Students who have organized themselves to prevent contemporaries who are protesting recent university reforms from closing down the institutions claimed on Monday that they are being intimidated, as the action threatens to derail the first semester since the changes were passed.
A group calling itself ?Indignant Students: No to Sit-ins? was formed last week to oppose the protests that shut almost 300 university departments after Parliament overwhelmingly passed reforms that require the institutions to undergo regular assessments and which brought Greek tertiary education more in line with European Union standards.
The group was due to hold a news conference on Monday but called the event off after members allegedly received threatening e-mails. The students said they would continue their campaign and would be asking university lecturers and professors to publicly support them.
The students said they have also written to Prime Minister George Papandreou and Education Minister Anna Diamantopoulou.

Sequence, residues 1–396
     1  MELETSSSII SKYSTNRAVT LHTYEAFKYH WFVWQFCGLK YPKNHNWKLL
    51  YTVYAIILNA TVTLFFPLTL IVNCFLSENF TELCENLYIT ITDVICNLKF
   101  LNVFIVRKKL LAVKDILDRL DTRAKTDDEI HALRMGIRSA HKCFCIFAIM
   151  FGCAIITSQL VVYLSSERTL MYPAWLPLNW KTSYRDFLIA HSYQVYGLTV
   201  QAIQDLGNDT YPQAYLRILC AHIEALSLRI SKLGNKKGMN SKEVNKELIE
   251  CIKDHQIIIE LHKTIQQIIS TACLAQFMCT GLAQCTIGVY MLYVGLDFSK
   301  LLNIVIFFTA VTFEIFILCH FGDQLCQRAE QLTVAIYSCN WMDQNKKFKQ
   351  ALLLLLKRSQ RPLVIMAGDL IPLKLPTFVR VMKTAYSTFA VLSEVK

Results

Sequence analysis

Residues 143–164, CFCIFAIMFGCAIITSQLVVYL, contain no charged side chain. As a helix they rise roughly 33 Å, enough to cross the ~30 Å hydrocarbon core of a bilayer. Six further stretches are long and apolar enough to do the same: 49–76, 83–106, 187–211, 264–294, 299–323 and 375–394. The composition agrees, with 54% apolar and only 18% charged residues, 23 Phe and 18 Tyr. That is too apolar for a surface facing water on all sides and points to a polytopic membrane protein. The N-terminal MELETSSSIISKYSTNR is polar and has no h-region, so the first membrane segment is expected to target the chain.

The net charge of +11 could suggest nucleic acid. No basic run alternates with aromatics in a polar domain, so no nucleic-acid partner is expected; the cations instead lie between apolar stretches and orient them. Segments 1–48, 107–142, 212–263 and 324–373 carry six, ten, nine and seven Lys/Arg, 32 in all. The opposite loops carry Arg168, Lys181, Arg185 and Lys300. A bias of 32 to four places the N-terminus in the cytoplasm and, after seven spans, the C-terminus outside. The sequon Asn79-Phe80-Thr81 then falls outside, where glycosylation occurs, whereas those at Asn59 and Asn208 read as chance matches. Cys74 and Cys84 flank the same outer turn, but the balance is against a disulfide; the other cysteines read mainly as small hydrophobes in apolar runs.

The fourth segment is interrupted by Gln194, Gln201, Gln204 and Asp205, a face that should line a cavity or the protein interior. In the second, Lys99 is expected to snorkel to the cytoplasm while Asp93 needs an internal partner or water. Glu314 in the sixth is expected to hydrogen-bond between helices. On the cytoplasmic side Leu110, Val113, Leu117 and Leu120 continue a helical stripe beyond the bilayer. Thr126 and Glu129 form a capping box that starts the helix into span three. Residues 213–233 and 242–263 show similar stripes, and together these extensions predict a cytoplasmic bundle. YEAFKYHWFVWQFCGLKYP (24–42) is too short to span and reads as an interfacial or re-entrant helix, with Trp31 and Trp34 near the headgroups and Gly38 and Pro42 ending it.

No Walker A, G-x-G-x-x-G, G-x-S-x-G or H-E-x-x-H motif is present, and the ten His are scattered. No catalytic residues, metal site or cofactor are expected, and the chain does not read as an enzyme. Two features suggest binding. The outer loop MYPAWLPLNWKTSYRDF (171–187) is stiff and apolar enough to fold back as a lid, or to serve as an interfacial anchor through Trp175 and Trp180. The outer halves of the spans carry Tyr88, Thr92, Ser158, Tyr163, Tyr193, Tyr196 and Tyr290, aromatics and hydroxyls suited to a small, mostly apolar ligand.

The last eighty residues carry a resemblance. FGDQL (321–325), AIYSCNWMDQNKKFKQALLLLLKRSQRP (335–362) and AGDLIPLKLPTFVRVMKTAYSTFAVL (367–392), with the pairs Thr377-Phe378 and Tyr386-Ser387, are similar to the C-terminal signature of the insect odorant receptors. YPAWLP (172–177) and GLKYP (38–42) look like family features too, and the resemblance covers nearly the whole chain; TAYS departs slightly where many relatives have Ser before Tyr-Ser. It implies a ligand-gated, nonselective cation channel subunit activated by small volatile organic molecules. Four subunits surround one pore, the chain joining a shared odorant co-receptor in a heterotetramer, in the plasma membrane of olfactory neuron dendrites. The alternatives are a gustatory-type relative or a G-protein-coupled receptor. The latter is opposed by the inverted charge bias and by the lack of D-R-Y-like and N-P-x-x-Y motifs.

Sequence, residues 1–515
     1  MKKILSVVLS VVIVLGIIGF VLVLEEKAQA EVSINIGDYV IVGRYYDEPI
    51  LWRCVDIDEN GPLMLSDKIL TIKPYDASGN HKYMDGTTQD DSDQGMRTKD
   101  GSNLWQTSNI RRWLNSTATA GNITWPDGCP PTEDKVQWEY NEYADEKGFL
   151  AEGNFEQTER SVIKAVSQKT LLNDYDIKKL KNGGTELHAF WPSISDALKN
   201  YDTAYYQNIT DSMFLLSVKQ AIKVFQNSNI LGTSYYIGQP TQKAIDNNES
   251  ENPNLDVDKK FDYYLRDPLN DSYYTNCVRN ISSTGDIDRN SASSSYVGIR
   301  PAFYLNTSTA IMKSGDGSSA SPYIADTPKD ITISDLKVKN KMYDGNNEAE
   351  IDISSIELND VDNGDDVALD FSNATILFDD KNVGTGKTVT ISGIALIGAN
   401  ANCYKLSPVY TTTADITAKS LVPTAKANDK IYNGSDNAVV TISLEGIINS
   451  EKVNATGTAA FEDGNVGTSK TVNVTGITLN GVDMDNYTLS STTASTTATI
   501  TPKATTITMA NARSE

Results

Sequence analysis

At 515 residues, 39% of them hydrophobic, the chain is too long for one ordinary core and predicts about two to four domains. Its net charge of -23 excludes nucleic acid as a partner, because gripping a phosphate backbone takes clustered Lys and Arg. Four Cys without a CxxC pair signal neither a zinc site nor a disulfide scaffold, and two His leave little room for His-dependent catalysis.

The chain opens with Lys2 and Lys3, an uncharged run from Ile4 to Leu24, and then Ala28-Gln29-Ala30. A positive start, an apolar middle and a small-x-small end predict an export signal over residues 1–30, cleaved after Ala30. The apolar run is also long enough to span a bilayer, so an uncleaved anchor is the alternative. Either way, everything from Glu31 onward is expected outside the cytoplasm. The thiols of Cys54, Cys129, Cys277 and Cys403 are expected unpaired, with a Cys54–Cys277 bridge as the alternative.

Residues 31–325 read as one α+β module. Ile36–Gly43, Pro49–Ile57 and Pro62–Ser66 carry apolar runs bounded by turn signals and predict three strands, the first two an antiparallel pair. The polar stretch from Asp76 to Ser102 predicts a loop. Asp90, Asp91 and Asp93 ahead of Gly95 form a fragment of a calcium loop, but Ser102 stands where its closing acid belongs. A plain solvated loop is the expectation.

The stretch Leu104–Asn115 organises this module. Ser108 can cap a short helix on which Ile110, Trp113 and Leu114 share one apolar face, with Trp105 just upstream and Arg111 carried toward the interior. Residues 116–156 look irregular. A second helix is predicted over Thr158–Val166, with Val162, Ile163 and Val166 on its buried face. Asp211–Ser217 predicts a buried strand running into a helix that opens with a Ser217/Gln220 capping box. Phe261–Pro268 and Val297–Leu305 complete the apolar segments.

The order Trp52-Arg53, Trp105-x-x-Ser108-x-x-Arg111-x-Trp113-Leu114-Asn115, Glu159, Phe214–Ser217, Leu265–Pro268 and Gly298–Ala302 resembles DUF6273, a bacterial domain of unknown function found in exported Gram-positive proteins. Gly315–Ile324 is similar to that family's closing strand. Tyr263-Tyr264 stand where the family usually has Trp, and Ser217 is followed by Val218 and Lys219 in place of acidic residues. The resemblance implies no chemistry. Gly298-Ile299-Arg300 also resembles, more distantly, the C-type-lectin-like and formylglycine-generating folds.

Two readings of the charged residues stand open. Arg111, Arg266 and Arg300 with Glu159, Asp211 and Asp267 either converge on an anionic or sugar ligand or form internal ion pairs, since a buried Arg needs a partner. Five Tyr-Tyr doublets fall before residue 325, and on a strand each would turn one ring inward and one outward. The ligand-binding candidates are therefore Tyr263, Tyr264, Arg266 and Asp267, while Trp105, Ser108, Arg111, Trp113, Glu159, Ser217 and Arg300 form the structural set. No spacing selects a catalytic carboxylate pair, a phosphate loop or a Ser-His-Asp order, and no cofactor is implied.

According to the Education Ministry, 238 university and technical college (TEI) departments were under occupation on Monday by students opposing the recent reforms. Students opposing the changes are due to hold a rally in central Athens on Thursday.
Their action is threatening to derail the fall semester as the new law states that there must be a minimum of 13 weeks of teaching so the academic term can be considered complete. This means that dozens of students who had exams to sit to complete their degrees could now have to wait until the next semester to do so.
Meanwhile, efforts to get school textbooks to primary and secondary schools are continuing. Thanks to some high school graduates returning their old books, schools in Thessaloniki said that they have half the books they need.